A STUDY between the University of Sydney, National Measurement Institute and Phillip Island Nature Parks (PINP) showed startling evidence of high chemical concentrations in sea lions and local fur seals.

The research was primarily conducted by University of Sydney PhD candidate Shannon Taylor with research co-lead, senior lecturer Veterinary Pathology Dr Rachael Gray BVSc PhD, and assistance from PINP marine scientist Dr Rebecca McIntosh.

The team identified per- and polyfluoroalkyl substances (PFAS) in animals at multiple colonies in Victoria and South Australia over a three-year period, including at Seal Rocks off Phillip Island.

The study found PFAS concentrations in some animals were comparable to those in marine mammals in the northern hemisphere, including southern sea otters and harbour seals.

“When I started my PhD, PFAS was still emerging in Australia and had been previously identified in wildlife in the northern hemisphere,” Ms Taylor said.

“That was when I thought I would try to see what levels were in the seals, and after I looked into it, that’s when we were finding these high concentrations.

“I was wanting to look more into different age groups but unfortunately, that was quite logistically difficult, which is why we ended up focusing on the pups more so than all the animals, as well as that they are at a developmental stage vulnerable to effects of these chemicals, and our team is investigating impacts to health in pups.”

Ms Taylor said it was an incredibly lengthy project, as sample collection and lab work took time.

“It took about a year just to get everything through the lab and, from about halfway in 2019, I was working on the paper,” she said.

“Dr McIntosh and the team at PINP have been supportive of our work, which gave us the ability to get out to sample at Seal Rocks.

“It is also sadly very under-researched across Australia.

“There’s a lot of research in the northern hemisphere, but it’s hardly been touched on here.”

Living at Seal Rocks for up to a week at times, Ms Taylor said the location had been ideal for studying the fur seal colony there, as they believed the females forage in a region in proximity to Victorian PFAS sources.

She now hoped the research would help raise awareness and lead to the chemicals being banned in the state.

“It’s just concerning that they’ve got such high concentrations at that development stage, considering the health impacts identified in previous research,” she said.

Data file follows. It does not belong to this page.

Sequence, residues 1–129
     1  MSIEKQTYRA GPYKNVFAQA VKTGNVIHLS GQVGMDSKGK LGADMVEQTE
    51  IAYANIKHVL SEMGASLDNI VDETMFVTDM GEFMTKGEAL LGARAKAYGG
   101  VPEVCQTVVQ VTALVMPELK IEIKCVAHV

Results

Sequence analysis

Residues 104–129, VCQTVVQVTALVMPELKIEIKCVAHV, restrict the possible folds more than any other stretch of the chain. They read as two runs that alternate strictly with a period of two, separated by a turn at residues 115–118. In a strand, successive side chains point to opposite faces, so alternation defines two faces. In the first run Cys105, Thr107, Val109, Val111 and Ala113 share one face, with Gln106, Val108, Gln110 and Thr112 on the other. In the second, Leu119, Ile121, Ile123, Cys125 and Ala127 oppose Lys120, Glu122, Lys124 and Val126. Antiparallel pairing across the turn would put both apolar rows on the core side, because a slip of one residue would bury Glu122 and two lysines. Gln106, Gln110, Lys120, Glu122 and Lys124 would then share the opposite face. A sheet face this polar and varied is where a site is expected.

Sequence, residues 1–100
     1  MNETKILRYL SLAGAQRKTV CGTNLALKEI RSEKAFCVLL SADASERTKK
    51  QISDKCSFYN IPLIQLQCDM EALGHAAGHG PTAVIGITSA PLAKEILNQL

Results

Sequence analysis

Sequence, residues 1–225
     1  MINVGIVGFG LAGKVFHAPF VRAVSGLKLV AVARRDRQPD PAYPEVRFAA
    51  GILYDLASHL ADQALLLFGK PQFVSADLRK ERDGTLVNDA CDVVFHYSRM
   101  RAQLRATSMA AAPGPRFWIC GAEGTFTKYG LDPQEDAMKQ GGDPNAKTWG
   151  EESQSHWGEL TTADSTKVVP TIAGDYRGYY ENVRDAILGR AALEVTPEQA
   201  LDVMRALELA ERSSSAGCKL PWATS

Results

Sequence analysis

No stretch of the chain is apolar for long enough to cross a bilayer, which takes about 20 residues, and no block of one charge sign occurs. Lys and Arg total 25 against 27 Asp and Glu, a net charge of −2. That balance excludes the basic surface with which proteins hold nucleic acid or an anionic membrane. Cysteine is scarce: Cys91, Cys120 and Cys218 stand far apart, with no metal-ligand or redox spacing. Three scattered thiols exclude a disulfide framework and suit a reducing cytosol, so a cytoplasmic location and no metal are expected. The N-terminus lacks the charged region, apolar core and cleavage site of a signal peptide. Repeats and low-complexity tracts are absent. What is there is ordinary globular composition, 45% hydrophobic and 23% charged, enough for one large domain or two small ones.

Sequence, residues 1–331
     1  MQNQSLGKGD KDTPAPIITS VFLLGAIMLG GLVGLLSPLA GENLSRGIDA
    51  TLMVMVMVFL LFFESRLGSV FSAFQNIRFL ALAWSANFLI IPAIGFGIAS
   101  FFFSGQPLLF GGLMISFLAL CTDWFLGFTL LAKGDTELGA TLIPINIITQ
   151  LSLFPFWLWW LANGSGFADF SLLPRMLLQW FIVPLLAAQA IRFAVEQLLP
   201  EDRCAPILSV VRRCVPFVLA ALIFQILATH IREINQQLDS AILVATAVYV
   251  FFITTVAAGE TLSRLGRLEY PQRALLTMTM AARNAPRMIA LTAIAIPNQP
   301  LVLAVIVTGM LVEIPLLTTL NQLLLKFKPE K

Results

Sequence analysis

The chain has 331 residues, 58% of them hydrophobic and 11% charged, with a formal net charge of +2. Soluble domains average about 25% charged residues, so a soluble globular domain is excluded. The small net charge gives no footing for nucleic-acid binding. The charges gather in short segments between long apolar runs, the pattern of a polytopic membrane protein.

“It’s difficult to do with the financial cost and logistics of getting to the islands and sampling the animals.

“There’s no toxic threshold in marine animals that’s been identified in previous research.

“We would like to pursue future research to see if there is immune suppression or developmental effects in these pups, and if we can find a link between concentrations of PFAS with death or disease.

“That would be the best step moving forward.”
Dr Rachael Gray and her team of scientists have also been conducting research in South Australia to try and save the endangered sea lion.

“One of the key focuses for us is the potential impact of these chemicals on the immune system which causes liver damage and neurotoxicity,” she said.

“We wanted to see if we could actually detect these concentrations in seals in Australia waters, and we sample pups predominately because we’re looking at the causes of mortality.

“For a long time, we didn’t do that kind of work because we thought surely pups have very low values or were non-detectable.

“But the absolute reverse was true.

“We found very high concentrations in these pups that are completely dependent on maternal input.”
Dr Gray said it was difficult to determine if the levels found could cause toxicity as it wasn’t fully understood how PFAS could affect the marine animals.

“They’re certainly of concern in terms of the impact they would have on development,” she said.

“We’ve worked collaboratively with PINP and Dr McIntosh to get the logistical and intellectual support to get out to Seal Rocks.

“There was a bit of variation in the concentrations among the animals but there were some high ones.

“PFAS is not easily or if ever degradable in the environment.

“Sea lions and fur seal adults bio-accumulate the highest concentration, and what we know is one of the ways the mothers get rid of their loads is offloading to their pups through gestation and lactation.

“The pup who is in the fundamental development stage… they’ve got this chemical present that could be depressing development.”

Dr McIntosh said the project had been great to be a part of as it fitted with PINP’s strategy to monitor the Seal Rocks’ colony.

“Part of our plan was to do that kind of research, so we joined ranks and helped with some of the fieldwork in facilitating the research team and students out there,” Dr McIntosh said.

“We’re doing it for conservation and to protect biodiversity, the fur seals are what we call an ecosystem sentinel.

“They’re at the top of the chain in this area and if they’re doing really well, then the ecosystem underneath them is healthy.

“But if something is going wrong with them, it’s in the food chain and it’s potentially in our food.

“We haven’t made that link yet, it’s just a first step in the process, but that would be how they’re getting it through what they’re eating.”

Dr McIntosh said the organisation hoped to receive more funding to continue monitoring the animals and further establish how the chemicals were affecting them.

“An increasing number of pups don’t make it before full term,” she said.

“Every time I go out every two months, I notice there are some foetuses in the colony and I’ve noticed that’s increasing in the last several years.”